Display Settings:

Format

Send to:

Choose Destination
See comment in PubMed Commons below
Nature. 2009 Sep 17;461(7262):393-8. doi: 10.1038/nature08358. Epub 2009 Sep 9.

Genome sequence and analysis of the Irish potato famine pathogen Phytophthora infestans.

Author information

  • 1Broad Institute of MIT and Harvard, Cambridge, Massachusetts 02141, USA.

Abstract

Phytophthora infestans is the most destructive pathogen of potato and a model organism for the oomycetes, a distinct lineage of fungus-like eukaryotes that are related to organisms such as brown algae and diatoms. As the agent of the Irish potato famine in the mid-nineteenth century, P. infestans has had a tremendous effect on human history, resulting in famine and population displacement. To this day, it affects world agriculture by causing the most destructive disease of potato, the fourth largest food crop and a critical alternative to the major cereal crops for feeding the world's population. Current annual worldwide potato crop losses due to late blight are conservatively estimated at $6.7 billion. Management of this devastating pathogen is challenged by its remarkable speed of adaptation to control strategies such as genetically resistant cultivars. Here we report the sequence of the P. infestans genome, which at approximately 240 megabases (Mb) is by far the largest and most complex genome sequenced so far in the chromalveolates. Its expansion results from a proliferation of repetitive DNA accounting for approximately 74% of the genome. Comparison with two other Phytophthora genomes showed rapid turnover and extensive expansion of specific families of secreted disease effector proteins, including many genes that are induced during infection or are predicted to have activities that alter host physiology. These fast-evolving effector genes are localized to highly dynamic and expanded regions of the P. infestans genome. This probably plays a crucial part in the rapid adaptability of the pathogen to host plants and underpins its evolutionary potential.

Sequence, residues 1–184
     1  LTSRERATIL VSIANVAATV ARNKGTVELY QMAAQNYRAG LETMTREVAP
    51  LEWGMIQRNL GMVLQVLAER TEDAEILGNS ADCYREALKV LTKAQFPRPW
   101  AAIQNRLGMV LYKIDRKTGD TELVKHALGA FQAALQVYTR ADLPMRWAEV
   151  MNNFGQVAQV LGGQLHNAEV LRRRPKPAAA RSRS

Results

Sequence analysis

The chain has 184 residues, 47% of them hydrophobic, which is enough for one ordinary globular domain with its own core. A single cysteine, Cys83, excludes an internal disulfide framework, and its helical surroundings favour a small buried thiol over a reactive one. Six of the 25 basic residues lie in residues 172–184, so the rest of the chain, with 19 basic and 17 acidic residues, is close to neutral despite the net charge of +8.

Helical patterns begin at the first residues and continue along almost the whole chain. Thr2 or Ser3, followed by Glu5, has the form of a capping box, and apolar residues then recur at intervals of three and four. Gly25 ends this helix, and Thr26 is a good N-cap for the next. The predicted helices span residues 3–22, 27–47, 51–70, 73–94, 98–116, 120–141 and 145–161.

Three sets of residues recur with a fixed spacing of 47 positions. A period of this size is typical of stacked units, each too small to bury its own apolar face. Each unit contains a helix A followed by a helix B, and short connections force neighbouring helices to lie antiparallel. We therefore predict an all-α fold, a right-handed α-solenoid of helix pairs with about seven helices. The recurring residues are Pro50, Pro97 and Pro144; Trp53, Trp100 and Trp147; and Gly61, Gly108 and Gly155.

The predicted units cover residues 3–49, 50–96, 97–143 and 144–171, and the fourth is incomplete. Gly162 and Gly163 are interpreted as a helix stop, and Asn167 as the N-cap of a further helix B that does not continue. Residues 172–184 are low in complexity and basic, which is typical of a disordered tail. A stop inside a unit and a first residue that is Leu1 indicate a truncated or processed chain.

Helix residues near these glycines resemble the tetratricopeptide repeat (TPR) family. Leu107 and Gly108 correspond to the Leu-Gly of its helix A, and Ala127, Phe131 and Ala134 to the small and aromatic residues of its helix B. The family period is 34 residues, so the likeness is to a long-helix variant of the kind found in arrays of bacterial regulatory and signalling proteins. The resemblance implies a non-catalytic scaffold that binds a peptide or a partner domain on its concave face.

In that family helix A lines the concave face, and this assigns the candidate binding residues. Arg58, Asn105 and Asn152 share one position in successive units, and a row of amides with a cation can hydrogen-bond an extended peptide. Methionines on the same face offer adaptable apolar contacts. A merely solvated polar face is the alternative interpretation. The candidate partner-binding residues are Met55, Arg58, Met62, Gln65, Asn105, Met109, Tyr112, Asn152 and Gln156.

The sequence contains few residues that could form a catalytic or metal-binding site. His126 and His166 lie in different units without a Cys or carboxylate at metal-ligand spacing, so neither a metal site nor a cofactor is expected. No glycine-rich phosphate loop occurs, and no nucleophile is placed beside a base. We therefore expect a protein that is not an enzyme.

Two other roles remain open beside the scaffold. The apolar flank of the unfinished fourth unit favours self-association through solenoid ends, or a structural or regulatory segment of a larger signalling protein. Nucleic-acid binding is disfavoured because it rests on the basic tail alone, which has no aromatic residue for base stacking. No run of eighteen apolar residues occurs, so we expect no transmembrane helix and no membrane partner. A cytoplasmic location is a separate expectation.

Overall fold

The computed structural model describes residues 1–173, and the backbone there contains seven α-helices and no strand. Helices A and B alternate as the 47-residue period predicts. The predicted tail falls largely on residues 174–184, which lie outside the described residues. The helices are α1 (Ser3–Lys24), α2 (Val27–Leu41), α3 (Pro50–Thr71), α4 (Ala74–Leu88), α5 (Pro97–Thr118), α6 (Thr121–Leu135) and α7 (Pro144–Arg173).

PMID:
19741609
[PubMed - indexed for MEDLINE]

Publication Types, MeSH Terms, Substances, Secondary Source ID, Grant Support

Publication Types

MeSH Terms

Substances

Secondary Source ID

Grant Support

PubMed Commons home

PubMed Commons

0 comments
How to join PubMed Commons

    Supplemental Content

    Icon for Nature Publishing Group
    Loading ...
    Write to the Help Desk